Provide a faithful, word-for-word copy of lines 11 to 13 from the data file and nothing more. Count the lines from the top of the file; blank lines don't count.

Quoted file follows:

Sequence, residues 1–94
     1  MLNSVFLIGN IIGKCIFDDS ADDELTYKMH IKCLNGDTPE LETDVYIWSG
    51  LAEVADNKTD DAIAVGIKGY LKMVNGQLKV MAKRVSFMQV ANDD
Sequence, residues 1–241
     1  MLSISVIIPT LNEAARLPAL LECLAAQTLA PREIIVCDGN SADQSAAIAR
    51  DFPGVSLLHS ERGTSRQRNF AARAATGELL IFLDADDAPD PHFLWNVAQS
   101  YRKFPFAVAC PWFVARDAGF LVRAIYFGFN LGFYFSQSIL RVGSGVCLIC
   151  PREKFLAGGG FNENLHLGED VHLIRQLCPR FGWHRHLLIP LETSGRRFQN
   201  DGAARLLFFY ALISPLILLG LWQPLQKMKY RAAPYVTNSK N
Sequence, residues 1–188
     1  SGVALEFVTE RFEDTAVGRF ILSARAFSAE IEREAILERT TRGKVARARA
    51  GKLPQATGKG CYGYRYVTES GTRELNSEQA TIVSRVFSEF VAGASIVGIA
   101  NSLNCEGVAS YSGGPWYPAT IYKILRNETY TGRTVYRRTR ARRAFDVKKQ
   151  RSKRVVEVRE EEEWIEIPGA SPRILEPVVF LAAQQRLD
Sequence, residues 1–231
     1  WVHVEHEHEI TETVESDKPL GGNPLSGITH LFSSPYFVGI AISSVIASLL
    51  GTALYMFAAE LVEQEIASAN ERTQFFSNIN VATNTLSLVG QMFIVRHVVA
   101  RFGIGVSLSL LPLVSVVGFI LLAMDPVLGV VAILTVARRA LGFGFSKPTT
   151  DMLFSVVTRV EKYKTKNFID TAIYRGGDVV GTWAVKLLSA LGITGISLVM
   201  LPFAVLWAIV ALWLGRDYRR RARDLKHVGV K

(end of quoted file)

     1  SGVALEFVTE RFEDTAVGRF ILSARAFSAE IEREAILERT TRGKVARARA
    51  GKLPQATGKG CYGYRYVTES GTRELNSEQA TIVSRVFSEF VAGASIVGIA
   101  NSLNCEGVAS YSGGPWYPAT IYKILRNETY TGRTVYRRTR ARRAFDVKKQ